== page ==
My mum and I started out 2020 with the intention to push the boundaries of what we could rag rug over the year. So far, I’ve upholstered a rag rug ottoman, made a rag rug jacket and covered a laundry tub with a beautiful rag rug sleeve. It’s been a proper year of experimentation.
Amongst smaller projects, my mum’s main rag rug project this year has been to upholster two of her grandmother’s old chairs in rag rugging. And finally one rag rug chair is finished. I don’t know about you, but I think it’s an absolute stunner!
Want to read how Victoria came up with the design, and see work-in-progress photos? Read on below…
The Inspiration behind the chair:
Anyone who has been following Ragged Life for a while will have gathered by now that my mum, Victoria, has a bold colour aesthetic. Perhaps that’s one of the reasons why one of her favourite interior designers is Matthew Williamson, who is known for pairing bold colours with bold prints. For some, he’s a bit much, but for my mum, he’s just right.
Earlier this year, Matthew Williamson shared photos of a vintage armchair he had updated with bright pink paint and fabric from Osborne and Little. The result is definitely a Marmite creation (some will love it and others hate it), but it sparked Victoria’s idea to pair a bold pink frame with a vibrant rag rug design.
Prepping the template:
As I have a bit more experience with 3D rag rug creations and construction, I was tasked with creating the template for Victoria to rag rug. I brought the chairs outside and carefully pinned the hessian over the back and base of the chairs to draw on a rough template to rag rug within. This was quite tricky as the chairs weren’t a simple shape.
Once the seat pad and back templates were marked out onto the hessian, Victoria had free reign to mark out whatever design she wanted.
She was clear from the beginning that she wanted a fairly repetitive pattern that let the colours do the talking and eventually settled on a design inspired by bright Indian prints. Fabric-wise, she used a mixture of sari silk ribbon (duck egg blue and pink), jersey (aqua blue and dark blue), synthetic lining fabric (purple) and cotton, dyed off-white with tea bags. She began with the outline of each ellipse and built it up one colour at a time.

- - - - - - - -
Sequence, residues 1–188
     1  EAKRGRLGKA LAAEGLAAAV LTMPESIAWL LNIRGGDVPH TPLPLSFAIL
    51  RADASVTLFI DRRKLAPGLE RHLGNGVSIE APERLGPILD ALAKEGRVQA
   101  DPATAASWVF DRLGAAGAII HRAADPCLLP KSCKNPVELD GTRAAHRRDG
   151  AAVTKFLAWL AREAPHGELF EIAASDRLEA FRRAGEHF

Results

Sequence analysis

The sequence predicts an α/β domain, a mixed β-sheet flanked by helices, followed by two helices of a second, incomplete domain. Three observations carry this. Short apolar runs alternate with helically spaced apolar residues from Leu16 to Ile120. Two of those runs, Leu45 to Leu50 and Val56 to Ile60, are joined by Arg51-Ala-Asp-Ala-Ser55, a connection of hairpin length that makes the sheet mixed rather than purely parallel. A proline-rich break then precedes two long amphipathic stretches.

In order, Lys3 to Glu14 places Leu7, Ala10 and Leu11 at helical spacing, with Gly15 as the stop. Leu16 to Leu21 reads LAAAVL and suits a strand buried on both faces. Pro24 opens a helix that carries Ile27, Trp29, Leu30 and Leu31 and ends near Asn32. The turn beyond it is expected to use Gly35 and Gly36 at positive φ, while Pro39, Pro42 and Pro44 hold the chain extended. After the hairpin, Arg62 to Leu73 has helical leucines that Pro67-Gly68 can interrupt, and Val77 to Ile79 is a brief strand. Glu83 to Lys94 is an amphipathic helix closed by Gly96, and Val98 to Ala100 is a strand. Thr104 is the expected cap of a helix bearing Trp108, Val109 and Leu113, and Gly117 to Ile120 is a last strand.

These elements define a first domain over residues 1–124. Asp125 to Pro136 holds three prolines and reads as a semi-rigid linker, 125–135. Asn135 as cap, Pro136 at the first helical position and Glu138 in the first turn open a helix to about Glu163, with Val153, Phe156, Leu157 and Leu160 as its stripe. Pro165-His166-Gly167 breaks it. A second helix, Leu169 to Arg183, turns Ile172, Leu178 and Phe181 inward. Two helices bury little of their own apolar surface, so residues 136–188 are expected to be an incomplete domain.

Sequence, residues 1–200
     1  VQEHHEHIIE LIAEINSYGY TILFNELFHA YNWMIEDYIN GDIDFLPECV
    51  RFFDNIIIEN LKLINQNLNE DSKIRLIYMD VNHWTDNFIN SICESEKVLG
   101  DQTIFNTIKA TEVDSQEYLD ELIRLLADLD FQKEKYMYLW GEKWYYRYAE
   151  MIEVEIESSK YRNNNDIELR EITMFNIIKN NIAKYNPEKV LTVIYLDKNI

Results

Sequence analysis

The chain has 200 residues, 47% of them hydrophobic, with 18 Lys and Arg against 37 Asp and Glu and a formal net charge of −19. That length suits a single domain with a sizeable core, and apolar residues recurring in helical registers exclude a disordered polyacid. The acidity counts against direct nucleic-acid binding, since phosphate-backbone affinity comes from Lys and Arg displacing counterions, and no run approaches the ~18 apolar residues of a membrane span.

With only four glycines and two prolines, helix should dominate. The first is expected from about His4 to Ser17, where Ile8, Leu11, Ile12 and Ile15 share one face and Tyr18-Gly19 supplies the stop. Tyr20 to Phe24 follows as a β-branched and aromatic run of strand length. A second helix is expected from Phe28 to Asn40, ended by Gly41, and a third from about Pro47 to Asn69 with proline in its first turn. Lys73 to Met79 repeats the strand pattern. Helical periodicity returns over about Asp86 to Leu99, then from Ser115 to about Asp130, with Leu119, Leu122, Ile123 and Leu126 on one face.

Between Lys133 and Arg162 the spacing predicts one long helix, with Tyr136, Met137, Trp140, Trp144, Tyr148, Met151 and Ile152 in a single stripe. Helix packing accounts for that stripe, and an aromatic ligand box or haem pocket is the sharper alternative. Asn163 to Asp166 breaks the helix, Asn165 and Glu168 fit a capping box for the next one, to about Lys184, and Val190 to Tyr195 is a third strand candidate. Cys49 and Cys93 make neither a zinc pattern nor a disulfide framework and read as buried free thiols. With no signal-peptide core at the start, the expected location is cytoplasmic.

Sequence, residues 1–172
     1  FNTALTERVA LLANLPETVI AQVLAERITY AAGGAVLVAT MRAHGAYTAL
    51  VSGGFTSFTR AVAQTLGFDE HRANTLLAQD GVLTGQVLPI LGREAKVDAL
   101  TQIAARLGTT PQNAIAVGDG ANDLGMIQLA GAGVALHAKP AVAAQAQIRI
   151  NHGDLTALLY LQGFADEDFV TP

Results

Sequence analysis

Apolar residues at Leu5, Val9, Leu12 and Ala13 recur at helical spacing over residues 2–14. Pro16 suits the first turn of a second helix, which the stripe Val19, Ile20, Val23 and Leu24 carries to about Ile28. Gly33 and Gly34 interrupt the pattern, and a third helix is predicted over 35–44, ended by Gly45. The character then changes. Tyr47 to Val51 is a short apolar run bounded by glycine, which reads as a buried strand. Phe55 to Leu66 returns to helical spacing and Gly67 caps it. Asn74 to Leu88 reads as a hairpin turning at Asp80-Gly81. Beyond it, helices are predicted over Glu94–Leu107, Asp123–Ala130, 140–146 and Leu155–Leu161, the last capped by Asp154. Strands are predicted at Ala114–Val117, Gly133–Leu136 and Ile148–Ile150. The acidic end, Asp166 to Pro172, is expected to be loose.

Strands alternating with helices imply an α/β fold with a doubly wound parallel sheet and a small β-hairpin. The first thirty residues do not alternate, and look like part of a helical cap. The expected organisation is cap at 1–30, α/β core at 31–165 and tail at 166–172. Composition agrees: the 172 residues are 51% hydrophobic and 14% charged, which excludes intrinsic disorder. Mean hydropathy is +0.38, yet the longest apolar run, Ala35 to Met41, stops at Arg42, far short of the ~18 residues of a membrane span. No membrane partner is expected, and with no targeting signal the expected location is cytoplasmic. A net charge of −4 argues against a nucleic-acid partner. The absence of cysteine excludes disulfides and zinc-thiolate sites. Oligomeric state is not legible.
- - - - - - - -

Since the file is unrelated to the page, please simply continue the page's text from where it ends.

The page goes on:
How the rag rug chair was made:
Once the rag rugging was complete, Victoria moved onto prepping the chair. First, she stripped the chair back to its base before moving onto the painting…
As with any project like this, the part that you think will be easiest always turns out to be the hardest. For us, it was finding the right colour pink paint for the rag rug chair! Everything we found seemed to be too neon and Barbie-esque. That meant, in the end we had to mix our own. Victoria started by cleaning the chair, then applying a base coat, and finally two coats of the pink.
Upholstering the rag rug chair:
With the chair prepped and ready to go, all that was left was the upholstering of the chair itself. This part, we didn’t feel too confident with, so we recruited the help of our friend Terri. Annoyingly, when we came to attaching the hessian, we realised that I’d made the template ever so slightly smaller than was needed, so a bit of rag rug surgery was needed to add a couple of centimetres more of rag rugging on each edge. This was a good learning for the future.
And here is the finished chair…
So, what do you think of our first ever rag rug chair? Comment below to let us know your thoughts or join the Ragged Life newsletter to be the first to see when new projects go live.
Happy rag rugging!